Klimt 1918 – Sentimentale Jugend (Prophecy Productions)Monday, 12th December 2016
Certifiably not metal, so move along if dreamy Italian shoegaze isn’t your bag. Relevant because they’re on Prophecy Productions and because they’re quite good (that sounds a bit vague, doesn’t it?), Italy’s Klimt 1918 was last heard from via 2008’s Just In Case We’ll Never Meet Again, an unheralded gem of savory pop hooks and near-metal guitars. Appropriately, Sentimentale Jugend is a double-album, a rarity in this day and age, only worth doing if your music has a cinematic quality, to which Klimt 1918 certainly does.
Consisting of two separate albums (Sentimentale is the first; Jugend the second; hence the title), Sentimentale Jugend has what amounts to two scopes. Sentimentale features Klimt 1918’s swirling, if not relaxed side, with the slow-build and airy caress of the excellent “Comandante” and “Belvedere,” the latter employing indie rock dance beats. While the cover of Berlin’s “Take My Breath Away” is a throwaway, the spiraling guitars that front “Gaza Youth (Exist/Resist)” are certifiably heartening, embodying the sound of shoegaze in the modern age.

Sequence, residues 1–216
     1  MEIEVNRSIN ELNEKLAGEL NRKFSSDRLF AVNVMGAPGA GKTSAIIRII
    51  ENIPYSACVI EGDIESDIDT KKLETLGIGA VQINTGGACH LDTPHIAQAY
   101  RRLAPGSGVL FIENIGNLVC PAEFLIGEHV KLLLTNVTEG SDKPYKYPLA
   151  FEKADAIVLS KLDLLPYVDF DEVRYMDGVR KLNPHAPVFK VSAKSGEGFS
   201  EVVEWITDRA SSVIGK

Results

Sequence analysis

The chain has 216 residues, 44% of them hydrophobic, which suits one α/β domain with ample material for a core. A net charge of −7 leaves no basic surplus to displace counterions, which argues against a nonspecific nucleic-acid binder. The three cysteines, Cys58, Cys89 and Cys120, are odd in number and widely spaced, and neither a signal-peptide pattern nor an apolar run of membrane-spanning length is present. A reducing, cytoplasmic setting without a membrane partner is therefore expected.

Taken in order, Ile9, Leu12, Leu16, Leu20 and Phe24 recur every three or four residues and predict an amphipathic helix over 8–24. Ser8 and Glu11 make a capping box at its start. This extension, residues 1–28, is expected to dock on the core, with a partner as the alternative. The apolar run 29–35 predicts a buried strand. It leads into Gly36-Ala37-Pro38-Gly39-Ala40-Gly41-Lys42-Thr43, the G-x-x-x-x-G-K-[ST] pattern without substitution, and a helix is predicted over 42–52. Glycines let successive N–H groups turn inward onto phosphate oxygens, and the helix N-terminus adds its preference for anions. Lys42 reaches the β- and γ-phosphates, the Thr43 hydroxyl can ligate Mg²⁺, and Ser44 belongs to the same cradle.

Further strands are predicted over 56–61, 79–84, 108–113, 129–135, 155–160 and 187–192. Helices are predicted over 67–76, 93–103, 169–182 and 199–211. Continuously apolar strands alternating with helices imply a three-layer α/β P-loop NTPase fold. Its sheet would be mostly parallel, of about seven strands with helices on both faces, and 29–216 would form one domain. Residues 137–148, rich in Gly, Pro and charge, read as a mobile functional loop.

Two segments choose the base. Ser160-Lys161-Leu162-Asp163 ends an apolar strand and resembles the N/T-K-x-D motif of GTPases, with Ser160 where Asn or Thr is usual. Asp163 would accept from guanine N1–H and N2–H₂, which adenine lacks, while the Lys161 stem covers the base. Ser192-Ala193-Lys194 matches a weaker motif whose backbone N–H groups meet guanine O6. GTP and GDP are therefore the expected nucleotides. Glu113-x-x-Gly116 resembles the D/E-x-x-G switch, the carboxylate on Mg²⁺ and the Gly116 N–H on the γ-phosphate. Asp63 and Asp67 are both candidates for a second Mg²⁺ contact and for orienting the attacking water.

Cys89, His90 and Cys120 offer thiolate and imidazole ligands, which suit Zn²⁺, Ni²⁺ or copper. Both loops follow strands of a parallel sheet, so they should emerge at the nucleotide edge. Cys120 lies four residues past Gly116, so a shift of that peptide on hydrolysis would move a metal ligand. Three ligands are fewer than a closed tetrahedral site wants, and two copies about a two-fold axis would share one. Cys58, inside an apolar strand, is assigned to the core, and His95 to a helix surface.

Jugend has more momentum and pulse than its counterpart disc, giving it a direct focus/scope, as “Sant’Angelo (The Sound & The Fury)” hits home ’80s new wave and the exquisite, one-tone vocals of Marco Soellner, who comfortably hoists himself in for these songs like a humble narrator. The crashing “Resig-nation” (misspelled on purpose) and grunged-up “Juvenile” further plot the course of separation from traditional post-rock mediums.
The idea of releasing a double-album in 2016 is awfully bold and frankly, commendable. Since Klimt 1918 has been able to envelop a good chunk of metal’s dark/Gothic subset, there’s perhaps a greater sense of patience and flexibility that comes from less-than-heavy music as this. But forget where Klimt 1918 stands and/or ranks: The restless, sensitive atmospheric churn of Sentimentale Jugend is only for the brave.